Then, after some waffling, and more serious yakking, John, Kisa, and I settled on a game of RAMbots while Gina went to play with our dogs (unfortunately none of the dog-cuddling pictures turned out).
RAMbots can succinctly be described as "RoboRally with Icehouse pieces", so I knew I wasn't going to do well at this game. Indeed, John, who has played many games of speed RAMbots with Andy Looney and Kory Heath (the game's inventor, also the inventor of Zendo), won handily, with Kisa in a distant second place, and me so far behind that describing how far behind I was would lack any humor value.
SCORE ----- John ..... 4 beacons Kisa ..... 2 beacons Ron ...... 0 beacons
John tried to disclaim a prize, saying "I don't deserve one! I was a shark!", but I gave him a rolly eyeball anyway. Then John and Gina and Kisa went home. Au revoir, Martians!
Meanwhile meanwhile meanwhile, Marty and Bob were playing Martian Chess on the porch. Marty and Bob each won a game.
By this time, Bob, Marty, and I were the only people left at game night, and Marty and I live here. Bob was a gamin' fool. He WOULD NOT GO HOME. (Of course, he only lives in the apartment next door.) Bob started devising an Icehouse game he called BobChess, in which each player gets two colours of pieces on a Martian-Chess-style board, and the object is to get four of your 2-pointers (medium-sized pieces) into the four center squares. The experiment was not a success (attack was too strong), and the game was a draw. But Bob is still working on it...
Then Marty and Bob played a game of Schotten-Totten, and Marty won. [See postscript for corrections.]
Bob's insatiable hunger for games continued, and we played Reiner Knizia's new game, Dark Side. The last time we pulled this out, at an informal game night with Marty, me, and Tim, it was not a hit; Tim thought it was too subjective and not strategic enough. This time, we had the right mix of players and everyone enjoyed it.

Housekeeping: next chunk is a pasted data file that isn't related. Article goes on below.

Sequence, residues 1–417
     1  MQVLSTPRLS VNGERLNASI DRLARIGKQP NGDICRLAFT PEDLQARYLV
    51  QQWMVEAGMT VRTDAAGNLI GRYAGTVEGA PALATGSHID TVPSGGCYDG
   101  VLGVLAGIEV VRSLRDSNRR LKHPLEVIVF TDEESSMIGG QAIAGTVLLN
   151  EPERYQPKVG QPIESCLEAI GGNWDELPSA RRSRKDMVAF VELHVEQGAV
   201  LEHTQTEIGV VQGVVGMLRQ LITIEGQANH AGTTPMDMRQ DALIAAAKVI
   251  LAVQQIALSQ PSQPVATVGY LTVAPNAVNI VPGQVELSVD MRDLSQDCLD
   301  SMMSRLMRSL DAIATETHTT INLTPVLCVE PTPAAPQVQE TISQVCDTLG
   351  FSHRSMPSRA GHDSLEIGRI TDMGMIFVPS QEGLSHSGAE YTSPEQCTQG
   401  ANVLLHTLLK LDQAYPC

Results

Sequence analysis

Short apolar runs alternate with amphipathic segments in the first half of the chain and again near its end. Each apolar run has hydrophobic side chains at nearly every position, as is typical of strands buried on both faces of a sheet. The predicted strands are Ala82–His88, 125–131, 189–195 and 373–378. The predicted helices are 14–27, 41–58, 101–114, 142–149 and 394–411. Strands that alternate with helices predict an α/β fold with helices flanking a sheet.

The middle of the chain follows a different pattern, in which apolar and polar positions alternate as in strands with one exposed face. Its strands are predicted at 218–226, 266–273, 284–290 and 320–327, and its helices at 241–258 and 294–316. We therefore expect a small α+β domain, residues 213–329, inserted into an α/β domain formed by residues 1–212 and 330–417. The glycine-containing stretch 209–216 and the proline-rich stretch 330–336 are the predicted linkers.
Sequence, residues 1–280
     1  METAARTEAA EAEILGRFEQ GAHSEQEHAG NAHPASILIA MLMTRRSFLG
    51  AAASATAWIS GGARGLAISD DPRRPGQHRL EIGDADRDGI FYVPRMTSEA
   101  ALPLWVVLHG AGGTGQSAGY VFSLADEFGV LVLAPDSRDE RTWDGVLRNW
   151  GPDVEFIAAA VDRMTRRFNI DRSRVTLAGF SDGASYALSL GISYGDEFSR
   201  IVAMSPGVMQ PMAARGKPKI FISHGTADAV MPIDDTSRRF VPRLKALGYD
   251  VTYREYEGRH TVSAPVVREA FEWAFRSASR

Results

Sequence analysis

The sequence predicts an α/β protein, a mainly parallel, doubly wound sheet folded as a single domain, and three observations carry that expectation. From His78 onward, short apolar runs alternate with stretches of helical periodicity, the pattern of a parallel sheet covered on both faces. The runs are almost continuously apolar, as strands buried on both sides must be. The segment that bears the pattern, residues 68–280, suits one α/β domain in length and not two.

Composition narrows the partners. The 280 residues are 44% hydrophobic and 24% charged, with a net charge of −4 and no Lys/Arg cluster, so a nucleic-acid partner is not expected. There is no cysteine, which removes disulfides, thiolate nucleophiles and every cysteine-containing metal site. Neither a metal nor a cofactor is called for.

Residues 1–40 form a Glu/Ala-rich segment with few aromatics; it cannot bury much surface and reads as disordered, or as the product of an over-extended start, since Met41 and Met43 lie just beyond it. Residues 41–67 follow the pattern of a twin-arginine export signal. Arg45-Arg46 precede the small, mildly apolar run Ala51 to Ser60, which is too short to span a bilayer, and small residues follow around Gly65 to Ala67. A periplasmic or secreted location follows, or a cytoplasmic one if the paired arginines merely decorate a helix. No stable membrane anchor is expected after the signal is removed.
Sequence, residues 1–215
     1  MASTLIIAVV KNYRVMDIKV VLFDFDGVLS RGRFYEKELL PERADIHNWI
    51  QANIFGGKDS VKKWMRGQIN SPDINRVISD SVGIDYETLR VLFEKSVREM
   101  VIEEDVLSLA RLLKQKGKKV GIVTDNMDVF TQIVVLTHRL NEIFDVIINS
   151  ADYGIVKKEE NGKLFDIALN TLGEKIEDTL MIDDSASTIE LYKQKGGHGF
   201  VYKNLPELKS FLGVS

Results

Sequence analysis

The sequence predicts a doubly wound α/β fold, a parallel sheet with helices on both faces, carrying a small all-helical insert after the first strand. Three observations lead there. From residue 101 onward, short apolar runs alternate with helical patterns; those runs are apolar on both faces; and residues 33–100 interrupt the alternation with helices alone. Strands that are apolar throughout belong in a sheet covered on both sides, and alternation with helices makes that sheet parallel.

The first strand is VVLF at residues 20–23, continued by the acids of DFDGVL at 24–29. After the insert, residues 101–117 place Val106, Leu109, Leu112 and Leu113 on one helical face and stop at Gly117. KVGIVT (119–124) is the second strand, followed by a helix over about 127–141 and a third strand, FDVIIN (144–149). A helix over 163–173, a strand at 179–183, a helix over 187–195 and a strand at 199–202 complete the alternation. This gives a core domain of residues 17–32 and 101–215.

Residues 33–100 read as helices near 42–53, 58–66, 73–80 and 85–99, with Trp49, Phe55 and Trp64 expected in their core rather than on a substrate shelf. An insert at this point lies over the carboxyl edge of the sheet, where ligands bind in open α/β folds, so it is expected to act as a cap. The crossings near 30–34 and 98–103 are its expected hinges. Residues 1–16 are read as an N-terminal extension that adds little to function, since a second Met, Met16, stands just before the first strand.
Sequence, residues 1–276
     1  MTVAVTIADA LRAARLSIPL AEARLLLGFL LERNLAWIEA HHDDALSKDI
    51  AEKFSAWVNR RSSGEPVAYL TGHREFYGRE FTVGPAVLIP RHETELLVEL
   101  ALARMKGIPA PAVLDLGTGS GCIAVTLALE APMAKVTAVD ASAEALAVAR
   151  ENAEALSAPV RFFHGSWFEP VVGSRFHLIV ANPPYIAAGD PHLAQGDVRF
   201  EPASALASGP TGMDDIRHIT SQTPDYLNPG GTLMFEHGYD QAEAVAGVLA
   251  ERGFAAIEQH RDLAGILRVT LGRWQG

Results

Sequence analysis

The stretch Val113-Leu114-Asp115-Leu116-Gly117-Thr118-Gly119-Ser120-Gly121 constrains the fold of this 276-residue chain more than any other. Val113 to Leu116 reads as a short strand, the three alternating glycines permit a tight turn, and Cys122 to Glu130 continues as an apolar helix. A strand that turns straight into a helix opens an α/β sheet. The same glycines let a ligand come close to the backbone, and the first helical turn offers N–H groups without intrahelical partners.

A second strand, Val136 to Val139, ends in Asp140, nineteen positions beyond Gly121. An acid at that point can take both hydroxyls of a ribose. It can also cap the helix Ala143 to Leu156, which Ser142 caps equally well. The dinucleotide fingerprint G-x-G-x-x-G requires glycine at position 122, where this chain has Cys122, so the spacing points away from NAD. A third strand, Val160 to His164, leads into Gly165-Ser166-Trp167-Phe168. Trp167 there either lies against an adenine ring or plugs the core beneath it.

Dark Side is a bluffing and deduction board/card game in which players try to guess how many points the other players hold in the suits Family, Friends, Work, Vacation, and Neighbours. The suit in which you have the most points is your dark side, and you must strive to conceal it. Cards range from 1 to 5 points. Examples: "I pee in the swimming pool" (Vacation, 1 point). "I impersonate a moving company and break into rich villas" (Neighbors, 5 points).
Bob won the game; I might have been able to egg him on to take me to court before I exposed his dark side, which would have increased my points and given me the game, but I stupidly pointed out first that if he didn't take me to court, he would win when everyone's dark side was exposed and the game ended prematurely. For having such a rotten stinking dark side, Bob was awarded a plastic rat's hindquarters that he could stick in his mouth, with a little lever he could operate with his tongue to waggle the tail.
Thus ended the Game Night That Wouldn't End, around 2:30 AM.
I am informed by Those Who Know that it was Mer who won the 10-card Apples to Apples game, and Lesley who won the 7-card game. Also, Bob won the Schotten-Totten game, not Marty.
The Center for Ludic Synergy and Seattle Cosmic Game Night are now associates of Funagain Games. This means that 5% of your purchase there goes toward supporting us if you buy games there via the following links or the Funagain logo at the bottom of the page.
Even if you don't want to buy the games, the Funagain pages often contain lengthy, useful game reviews.
Friday, 7 September 2001, 7:00 PM in West Seattle. Come play for fun and FABULOUS PRIZES!
Remember, game nights are first and second Fridays at 7:00 PM, at Dave and Kathy's house in West Seattle, and third and fourth Saturdays at 7:00 PM, at Marty and Ron's apartment in Kent. Please bring a snack or drink to share (cookies, chips, soda, juice, etc.).
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Page last updated 2001-09-02.